Show some concern and it goes a long way, even if you don't mean it. You let her now, in a non threatening way that you can hear the child and you present that you care about the child. Worked for me when I was in the apartments.
    I am on my phone 90% of the time. Please ignore typos, misplaced lower case letters, and the random word butchered by autocowreck.



    7 members found this post helpful.

  18. #38
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    Just keep extra ear plugs around. Mine fall out while I sleep, and I use them every night as DH is a loud snorer and I'm a light sleeper, and I just open another pack and put them in and go back to sleep. Problem solved.


    1 members found this post helpful.

  19. #39
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    Quote Originally Posted by FLeventer View Post
    Perhaps talk to the mother? Have a small conversation and ask about the baby in a concerned tone. Like "Is your child feeling alright? He seems to be crying quite a bit in the early mornings? I hope he is feeling alright, babies can be tough."

    Show some concern and it goes a long way, even if you don't mean it. You let her now, in a non threatening way that you can hear the child and you present that you care about the child. Worked for me when I was in the apartments.
    Honestly I think this approach is the only way to go, if you want to go to them directly.
    "smile a lot can let us ride happy,it is good thing"

    My CANTER blog.


    3 members found this post helpful.

  20. #40
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    Quote Originally Posted by KayBee View Post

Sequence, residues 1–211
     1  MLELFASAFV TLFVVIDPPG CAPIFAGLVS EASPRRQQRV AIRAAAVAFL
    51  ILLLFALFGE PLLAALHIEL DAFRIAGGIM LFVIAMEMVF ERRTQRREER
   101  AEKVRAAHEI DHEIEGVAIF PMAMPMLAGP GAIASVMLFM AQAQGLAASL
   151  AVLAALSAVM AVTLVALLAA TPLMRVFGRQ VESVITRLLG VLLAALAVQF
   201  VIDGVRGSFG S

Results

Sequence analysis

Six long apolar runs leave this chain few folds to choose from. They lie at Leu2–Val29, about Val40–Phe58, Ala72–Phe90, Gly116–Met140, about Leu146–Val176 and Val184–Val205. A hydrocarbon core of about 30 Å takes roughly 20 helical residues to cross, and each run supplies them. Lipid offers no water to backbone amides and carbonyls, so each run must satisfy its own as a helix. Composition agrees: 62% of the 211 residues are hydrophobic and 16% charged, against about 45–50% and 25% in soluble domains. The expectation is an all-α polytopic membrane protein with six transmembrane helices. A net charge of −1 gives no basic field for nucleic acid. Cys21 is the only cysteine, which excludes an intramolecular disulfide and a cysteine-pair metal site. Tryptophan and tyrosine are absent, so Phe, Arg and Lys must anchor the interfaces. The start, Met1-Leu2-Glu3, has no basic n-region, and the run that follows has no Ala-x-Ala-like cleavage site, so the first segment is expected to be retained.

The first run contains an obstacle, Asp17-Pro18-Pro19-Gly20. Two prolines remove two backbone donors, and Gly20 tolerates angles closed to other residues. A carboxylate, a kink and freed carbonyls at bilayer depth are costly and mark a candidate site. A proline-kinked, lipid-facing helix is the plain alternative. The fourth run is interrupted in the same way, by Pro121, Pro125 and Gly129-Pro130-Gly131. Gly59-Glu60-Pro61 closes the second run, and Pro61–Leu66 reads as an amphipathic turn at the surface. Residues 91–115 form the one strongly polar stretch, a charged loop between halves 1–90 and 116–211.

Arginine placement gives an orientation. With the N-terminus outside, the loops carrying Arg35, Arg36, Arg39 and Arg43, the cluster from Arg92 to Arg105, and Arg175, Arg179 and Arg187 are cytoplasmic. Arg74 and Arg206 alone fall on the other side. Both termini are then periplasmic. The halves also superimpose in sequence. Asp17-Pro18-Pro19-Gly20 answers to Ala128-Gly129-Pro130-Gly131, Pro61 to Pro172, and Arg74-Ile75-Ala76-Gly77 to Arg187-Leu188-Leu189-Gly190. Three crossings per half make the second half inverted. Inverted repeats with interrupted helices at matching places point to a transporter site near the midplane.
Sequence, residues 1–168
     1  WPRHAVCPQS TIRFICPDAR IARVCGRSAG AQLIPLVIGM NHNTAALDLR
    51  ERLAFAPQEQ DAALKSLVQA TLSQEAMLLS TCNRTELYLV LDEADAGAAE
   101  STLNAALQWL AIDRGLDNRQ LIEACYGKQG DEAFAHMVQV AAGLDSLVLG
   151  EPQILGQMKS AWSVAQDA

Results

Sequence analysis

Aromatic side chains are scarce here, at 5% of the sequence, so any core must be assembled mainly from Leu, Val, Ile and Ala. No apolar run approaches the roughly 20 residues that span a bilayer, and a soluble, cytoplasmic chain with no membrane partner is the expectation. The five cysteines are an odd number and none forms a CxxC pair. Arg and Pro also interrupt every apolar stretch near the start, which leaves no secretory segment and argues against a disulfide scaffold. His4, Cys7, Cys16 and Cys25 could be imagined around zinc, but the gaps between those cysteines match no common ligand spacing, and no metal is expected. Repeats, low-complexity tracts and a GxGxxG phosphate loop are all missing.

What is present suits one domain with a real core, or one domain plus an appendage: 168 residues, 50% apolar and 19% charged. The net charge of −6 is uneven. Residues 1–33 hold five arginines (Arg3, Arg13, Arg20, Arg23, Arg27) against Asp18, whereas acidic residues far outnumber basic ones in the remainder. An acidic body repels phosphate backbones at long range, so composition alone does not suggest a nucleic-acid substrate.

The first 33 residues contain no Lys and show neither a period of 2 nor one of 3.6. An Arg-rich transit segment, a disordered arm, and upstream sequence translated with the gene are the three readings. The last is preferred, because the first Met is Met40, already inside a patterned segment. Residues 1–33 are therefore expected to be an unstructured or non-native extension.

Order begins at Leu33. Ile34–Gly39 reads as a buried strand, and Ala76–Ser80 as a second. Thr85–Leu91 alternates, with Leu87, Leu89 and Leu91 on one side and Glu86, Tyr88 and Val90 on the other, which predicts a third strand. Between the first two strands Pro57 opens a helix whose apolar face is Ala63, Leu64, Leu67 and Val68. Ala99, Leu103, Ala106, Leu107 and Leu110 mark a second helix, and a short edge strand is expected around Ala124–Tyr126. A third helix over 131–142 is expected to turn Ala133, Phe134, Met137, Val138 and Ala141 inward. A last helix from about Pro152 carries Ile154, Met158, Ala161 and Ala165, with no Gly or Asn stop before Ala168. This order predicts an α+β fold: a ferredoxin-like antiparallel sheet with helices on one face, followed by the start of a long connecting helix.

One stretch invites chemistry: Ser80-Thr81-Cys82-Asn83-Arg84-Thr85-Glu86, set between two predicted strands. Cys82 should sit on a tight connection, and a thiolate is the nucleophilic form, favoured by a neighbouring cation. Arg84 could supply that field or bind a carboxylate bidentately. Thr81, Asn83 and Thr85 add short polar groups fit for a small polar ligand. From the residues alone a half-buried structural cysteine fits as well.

And I would not be able to hear them as well if they took the child back to their bedroom.

    Not sure about CPS, but I do find it disturbing when the crying is interspersed with gasps/chokes mid wail, which starts to happen when the crying goes past the 15-minute mark.
    That sounds like normal baby crying.

    Also, if the first statement above is true, how about being nice, forgetting about the passive-agressive note, and approaching them during the day, when you are hopefully in a more forgiving mood.

    "Hi neighbors! Can I meet your baby? Aww, how adorable! Hey, I know babies can be a PITA, but I'm being woken up every day, really early, by your baby's cries. Her bedroom is right next to mine. Is there any way, just for the next few months until she's more comfortable sleeping by herself, that she can be moved to a room farther from the connecting wall? I totally get the problems, I'm sure you must be exhausted, but my day starts early too. BTW, if you ever need a baby sitter some night, in order to have a nice dinner alone, let me know!"

    Going to the condo association, and PARTICULARLY the nasty note, are just going to escalate things and make it miserable living next to them for the next ten years.

    Try to have a little understanding, and offer up a workable solution for everyone.


    3 members found this post helpful.